According to information published by the Treasury Inspector General for Tax Administration (TIGTA), there were approximately 1.2 million cases in 2017 alone in which an illegal alien filed a tax return reporting wages earned using a Social Security Number that belonged to someone else or was fabricated.
TIGTA has reported as well that the IRS documented more than 1.3 million cases of identity theft by illegal aliens with Individual Taxpayer Identification Numbers (ITIN), which are only given to people ineligible to work in the United States or receive Social Security.
These numbers help answer the question Celia Llopis-Jepsen, a reporter for the Kansas News Service, raises in her ongoing article about the legal battle between Kansas Secretary of State Kris Kobach and lawyers from the American Civil Liberties Union over a tough 2011 Kansas law demanding proof of citizenship to vote.
Asks Llopis-Jepsen, more than a little rhetorically, “How far must people go to prove they’re really Americans when they register to vote? Does simply swearing to the fact — at risk of perjury, prison, fines and deportation — protect democracy from non-Americans subverting an election? Or are cheaters common enough that only documents — say a birth certificate or a passport — go far enough to protect the integrity of the ballot box?”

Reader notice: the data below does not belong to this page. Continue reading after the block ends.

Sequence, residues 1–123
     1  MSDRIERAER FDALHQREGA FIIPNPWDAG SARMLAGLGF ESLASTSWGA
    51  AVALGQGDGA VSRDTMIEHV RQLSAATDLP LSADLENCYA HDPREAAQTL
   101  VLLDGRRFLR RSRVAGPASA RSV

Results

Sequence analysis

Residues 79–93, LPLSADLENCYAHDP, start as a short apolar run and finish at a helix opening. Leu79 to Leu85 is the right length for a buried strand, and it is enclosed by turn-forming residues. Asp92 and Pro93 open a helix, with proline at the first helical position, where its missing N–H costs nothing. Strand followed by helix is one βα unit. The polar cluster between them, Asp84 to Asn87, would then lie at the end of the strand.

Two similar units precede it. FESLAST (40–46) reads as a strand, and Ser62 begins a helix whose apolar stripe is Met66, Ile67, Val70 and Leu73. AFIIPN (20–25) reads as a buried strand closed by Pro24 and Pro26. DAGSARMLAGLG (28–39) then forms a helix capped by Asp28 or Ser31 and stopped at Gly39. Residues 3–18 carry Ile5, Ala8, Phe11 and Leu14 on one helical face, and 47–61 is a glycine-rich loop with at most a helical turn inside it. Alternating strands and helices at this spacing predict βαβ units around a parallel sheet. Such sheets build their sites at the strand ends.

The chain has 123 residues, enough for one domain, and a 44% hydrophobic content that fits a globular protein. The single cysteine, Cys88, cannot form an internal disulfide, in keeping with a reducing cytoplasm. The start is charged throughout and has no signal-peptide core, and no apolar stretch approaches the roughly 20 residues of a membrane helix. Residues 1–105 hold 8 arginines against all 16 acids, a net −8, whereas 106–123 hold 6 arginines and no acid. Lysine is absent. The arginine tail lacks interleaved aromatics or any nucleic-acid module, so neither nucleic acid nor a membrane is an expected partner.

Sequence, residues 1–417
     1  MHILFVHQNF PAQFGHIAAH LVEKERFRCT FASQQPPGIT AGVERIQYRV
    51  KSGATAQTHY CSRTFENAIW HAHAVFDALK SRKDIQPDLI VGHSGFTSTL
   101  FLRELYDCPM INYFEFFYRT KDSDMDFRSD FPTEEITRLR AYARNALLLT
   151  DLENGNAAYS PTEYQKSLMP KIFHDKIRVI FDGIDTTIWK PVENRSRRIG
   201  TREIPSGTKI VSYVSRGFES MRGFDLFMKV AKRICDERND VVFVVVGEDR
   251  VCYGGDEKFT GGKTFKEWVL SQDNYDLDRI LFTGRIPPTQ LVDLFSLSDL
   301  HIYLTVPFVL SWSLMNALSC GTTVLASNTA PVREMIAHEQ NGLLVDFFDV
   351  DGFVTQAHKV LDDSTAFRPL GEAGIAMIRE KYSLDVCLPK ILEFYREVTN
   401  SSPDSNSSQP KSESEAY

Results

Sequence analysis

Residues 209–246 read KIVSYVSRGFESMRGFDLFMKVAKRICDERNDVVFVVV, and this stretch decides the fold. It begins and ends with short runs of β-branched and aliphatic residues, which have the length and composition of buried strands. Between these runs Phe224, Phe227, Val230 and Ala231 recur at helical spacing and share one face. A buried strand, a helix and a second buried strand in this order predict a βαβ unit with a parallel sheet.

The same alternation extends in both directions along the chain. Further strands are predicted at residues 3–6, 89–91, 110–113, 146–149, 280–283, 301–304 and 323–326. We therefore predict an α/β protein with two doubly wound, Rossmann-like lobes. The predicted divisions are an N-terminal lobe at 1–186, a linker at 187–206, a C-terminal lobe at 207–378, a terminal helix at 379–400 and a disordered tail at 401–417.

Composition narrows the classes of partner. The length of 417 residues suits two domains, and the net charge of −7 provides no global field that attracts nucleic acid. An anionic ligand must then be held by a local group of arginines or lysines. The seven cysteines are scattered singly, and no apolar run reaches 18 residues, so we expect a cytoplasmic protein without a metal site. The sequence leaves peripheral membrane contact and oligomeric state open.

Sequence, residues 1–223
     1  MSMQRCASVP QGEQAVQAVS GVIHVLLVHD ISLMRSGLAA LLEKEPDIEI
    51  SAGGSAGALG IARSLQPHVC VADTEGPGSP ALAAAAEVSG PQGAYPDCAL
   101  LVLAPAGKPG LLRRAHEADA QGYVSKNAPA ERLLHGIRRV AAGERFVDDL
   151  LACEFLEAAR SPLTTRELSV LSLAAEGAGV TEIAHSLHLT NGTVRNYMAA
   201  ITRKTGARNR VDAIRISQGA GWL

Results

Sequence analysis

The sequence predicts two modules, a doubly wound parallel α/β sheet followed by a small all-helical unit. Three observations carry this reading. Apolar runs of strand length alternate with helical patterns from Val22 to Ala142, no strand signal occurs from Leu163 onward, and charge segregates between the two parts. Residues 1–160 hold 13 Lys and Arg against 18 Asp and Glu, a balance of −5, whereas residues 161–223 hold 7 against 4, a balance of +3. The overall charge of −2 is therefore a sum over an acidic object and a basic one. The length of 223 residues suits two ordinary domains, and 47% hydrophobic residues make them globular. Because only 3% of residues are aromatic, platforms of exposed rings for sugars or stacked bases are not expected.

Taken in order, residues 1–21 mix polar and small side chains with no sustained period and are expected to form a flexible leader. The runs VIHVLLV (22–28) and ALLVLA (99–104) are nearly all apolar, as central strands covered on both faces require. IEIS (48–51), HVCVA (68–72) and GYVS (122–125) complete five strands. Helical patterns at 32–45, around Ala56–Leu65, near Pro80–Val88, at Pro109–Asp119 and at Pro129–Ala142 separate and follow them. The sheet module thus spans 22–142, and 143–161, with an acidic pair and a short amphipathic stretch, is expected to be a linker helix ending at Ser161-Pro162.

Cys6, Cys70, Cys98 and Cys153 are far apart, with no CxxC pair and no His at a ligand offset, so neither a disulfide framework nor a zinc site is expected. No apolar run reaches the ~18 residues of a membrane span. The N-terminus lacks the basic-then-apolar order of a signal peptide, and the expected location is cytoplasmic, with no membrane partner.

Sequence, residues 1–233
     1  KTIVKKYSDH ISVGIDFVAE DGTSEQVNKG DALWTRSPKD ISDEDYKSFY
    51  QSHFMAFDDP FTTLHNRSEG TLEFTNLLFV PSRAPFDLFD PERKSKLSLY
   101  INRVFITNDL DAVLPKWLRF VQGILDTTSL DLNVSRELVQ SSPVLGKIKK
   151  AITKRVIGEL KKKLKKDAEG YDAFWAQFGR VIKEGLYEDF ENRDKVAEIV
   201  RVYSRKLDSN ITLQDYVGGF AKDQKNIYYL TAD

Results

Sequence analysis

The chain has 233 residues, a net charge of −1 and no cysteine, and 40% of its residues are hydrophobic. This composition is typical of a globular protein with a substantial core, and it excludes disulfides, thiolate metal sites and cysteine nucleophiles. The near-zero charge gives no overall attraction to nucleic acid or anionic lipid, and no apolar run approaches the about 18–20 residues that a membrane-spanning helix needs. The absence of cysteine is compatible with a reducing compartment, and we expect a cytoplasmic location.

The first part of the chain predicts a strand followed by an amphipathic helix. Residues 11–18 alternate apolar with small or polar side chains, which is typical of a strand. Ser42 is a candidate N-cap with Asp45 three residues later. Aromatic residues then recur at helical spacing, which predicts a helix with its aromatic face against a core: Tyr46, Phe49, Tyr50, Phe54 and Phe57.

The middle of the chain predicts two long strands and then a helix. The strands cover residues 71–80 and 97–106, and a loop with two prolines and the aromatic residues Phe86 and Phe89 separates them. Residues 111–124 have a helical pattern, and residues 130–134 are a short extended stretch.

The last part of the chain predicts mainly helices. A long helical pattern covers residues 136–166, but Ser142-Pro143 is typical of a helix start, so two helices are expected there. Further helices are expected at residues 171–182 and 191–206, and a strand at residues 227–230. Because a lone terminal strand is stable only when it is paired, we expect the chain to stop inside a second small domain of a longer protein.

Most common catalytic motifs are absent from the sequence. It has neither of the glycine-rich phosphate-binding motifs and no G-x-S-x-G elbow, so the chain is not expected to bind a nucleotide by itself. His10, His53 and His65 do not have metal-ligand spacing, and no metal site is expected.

If millions of aliens are willing to risk prison, fines and deportation to work illegally in the United States why would they fear voting illegally especially given the nearly complete absence of official scrutiny? Indeed, the most famous illegal immigrant in Kansas, Syed Jamal of Bangladesh, publicly presented himself as a candidate for school board in Lawrence.
The media have shown remarkably little curiosity about election fraud nationwide. In 2017, testifying before the Senate’s Public Safety Committee against President Trump’s action on immigration, Democrat California Senate Leader Kevin De Leon admitted, “Anyone who has family members who are undocumented knows that almost entirely everybody has secured some sort of false identification.”
Given the laxity of controls, it should not be a surprise that according to a 2013 McLaughlin & Associates scientific bilingual poll of Hispanic adults 13 percent of the non-citizens reported they were registered to vote. And these numbers are probably lower than they ought to be. In a 2008 Harvard/YouGov survey, for instance, 14 percent of self-declared non-citizens who said they were not registered to vote were found to be registered when matched to a database of consumer and voting data. This amounts to at least a million votes.
To date, the reporting on the Kobach case, locally and nationally, has been remarkably one-sided even by current media standards. “Enforcing this law is like taking a bazooka to a fly,” said attorney ACLLU Dale Ho, and that comment more or less sums up the media take on Kobach’s argument.
If, however, the media thought illegal aliens were voting Republican, those flies would be everywhere, and they would be carrying the bazookas.